The Good-Lite Fund of WLTT-FM (94.7) this week announced its first annual grants totaling $7,200 for eight social service groups.

"The Fund is an excellent way for us to use our own creative resources to do some good for organizations that really need help. We decided to spread the money around and buy things that these people told us they needed," said general manager Jim Keating. The clubs and restaurants that sponsor the station's weekly "good time" parties contribute $94.70 to the fund at each event.

The recipients are: Independent Living for the Handicapped, My Sister's Place, the Hospice of Northern Virginia, Sarah House, the House of Ruth, Martha's Table, Stepping Stones and the Washington Ear. The purchases range from baby cribs to tires for a van. $& Star Quality

Tempestt Bledsoe, the sly Vanessa of "The Cosby Show," will preside over the live broadcast of the five Henny Penny Playwriting Contest winners at the Kennedy Center April 13. The Washington-based Children's Radio Theatre, along with National Public Radio and the Kennedy Center, will sponsor the 10 a.m. performance, which will air on WPFW-FM (89.3). A Visit to . . .

. . . The Georgetown workshop of producer Connie Goldman, who has spent the last 18 months interviewing such luminaries as John Huston, Burl Ives, Louise Nevelson and the late Alice Neel. The results, "I'm Too Busy to Talk Now: Conversations with American Artists Over 70," will be presented for 13 consecutive weeks on WETA-FM (90.9), beginning next Thursday at noon.

Goldman's studio overlooking M Street NW is a lively melange of books, tape equipment, colorful thermoses and a fireplace. An animated woman with a salt and pepper bob, she talks nonstop about the project, from cajoling her subjects into talking to renting distribution time on the satellite. "By the year 2000 there will be 35 million people over the age of 65 in the United States. Also, I was 54 this January, and you start considering your own aging process," she said. Yet the ways and wisdom of the elderly had been one of her themes in 18 years in radio, nine of them spent as a reporter, producer and host at NPR.

To test her idea, Goldman took the interview she did with Beatrice Wood, a ceramic artist, to eight senior centers. "I wanted them to say, 'Oh, that's so and so' and then say, 'I feel that way, too.' I didn't want them to be intimidated because they were public figures," she said. "They made two suggestions. They said the music was too shrill, too intense. So we lowered the sound. Then they said I had not given them enough background on the artists. So then I did some rewriting."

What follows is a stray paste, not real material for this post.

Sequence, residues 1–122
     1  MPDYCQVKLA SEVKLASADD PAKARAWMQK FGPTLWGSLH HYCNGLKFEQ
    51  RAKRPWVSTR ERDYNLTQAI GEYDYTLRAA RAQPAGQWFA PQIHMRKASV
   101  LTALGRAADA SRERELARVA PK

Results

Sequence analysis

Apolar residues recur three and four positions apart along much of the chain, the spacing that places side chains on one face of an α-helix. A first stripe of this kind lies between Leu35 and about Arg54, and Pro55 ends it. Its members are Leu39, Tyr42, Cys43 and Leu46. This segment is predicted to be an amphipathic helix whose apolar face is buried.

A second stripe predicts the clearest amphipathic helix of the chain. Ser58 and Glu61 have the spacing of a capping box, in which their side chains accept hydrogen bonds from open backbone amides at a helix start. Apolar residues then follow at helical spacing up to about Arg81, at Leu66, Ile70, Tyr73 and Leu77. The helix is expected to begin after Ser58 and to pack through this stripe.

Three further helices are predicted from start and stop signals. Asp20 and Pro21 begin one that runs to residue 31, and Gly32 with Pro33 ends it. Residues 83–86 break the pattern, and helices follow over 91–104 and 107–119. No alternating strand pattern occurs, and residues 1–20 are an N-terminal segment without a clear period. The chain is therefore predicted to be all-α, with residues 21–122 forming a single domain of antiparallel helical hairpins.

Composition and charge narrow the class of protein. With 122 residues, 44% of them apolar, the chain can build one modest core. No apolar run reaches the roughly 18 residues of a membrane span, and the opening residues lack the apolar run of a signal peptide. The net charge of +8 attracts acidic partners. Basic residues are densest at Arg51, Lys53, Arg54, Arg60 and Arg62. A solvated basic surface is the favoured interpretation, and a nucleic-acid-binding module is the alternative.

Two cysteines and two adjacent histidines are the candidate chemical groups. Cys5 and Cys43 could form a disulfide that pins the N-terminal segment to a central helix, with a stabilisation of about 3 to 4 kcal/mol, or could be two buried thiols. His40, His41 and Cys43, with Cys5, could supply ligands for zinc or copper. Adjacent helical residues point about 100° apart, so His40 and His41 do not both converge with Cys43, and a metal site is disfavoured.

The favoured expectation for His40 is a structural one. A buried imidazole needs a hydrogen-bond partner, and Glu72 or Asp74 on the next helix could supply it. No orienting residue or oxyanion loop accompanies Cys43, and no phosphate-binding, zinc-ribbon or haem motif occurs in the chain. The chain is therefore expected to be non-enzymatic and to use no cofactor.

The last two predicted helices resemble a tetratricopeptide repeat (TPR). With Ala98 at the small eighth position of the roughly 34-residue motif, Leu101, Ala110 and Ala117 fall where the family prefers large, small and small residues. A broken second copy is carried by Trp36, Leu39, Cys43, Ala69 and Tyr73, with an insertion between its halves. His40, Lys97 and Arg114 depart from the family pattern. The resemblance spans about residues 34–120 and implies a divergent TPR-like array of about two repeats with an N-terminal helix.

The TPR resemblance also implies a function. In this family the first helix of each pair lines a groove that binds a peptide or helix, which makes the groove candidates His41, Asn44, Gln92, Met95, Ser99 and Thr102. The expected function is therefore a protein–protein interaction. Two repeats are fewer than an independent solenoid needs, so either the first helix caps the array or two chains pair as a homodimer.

Some of the interviews became special moments. "With M.F.K. Fisher, it was an experience, not an interview or conversation. She was recovering from a hip operation, yet she insisted on cooking lunch and dinner. And I got to see how the community treats her. She doesn't go out because of her disability, but people would leave all sorts of bounty on the doorsteps," Goldman recalled. Poet Stanley Kunitz discussed the years his work had only a small audience. "He talked very slowly when he discussed the hardships. Maybe the pause or catch in his voice is what people might identify with."

The series, which starts with actors Jessica Tandy and Hume Cronyn, is the first major project of Connie Goldman Productions Inc., a nonprofit company she incorporated in 1982. The series was funded by the National Endowment for the Arts and a personal grant from producer Norman Lear. Goldman borrowed an idea from public television and enlisted station WHA in Madison, Wis., to help her put together the distribution system. She is already working on a spinoff, and has produced five-minute segments of the first interviews. Radiothon Results

WMAL-AM (630) raised $651,346 in its annual drive for the Leukemia Society of Greater Washington. Dial Changes

Rudy Maxa has moved back to the studios of WNTR-AM (1050), away from his booth at Joe & Mo's eatery. He is now heard weekdays from 4 to 5 p.m., followed by Dr. Gabe Mirkin. Also at the Silver Spring outlet, morning anchor Ed Enderle has left and Ed Graham is doing the shift alone . . . WDCT-AM (1310) has brought on Matthew Gross as its morning man and news director . . . WMTG-AM (1150) has dropped the commentaries of veteran Shelly Tromberg but added a five-minute preview of Montgomery County Council business each Tuesday at 8:30 a.m. Specials

WINX-FM (1600) will be carrying a national call-in sports show tonight -- all about the Final Four in the NCAA tournament, which of course includes the Georgetown Hoyas -- from 9 to midnight . . . Don Lee of WETA has prepared a profile of writer Flannery O'Connor for what would have been the writer's 60th birthday, Monday at 10 p.m.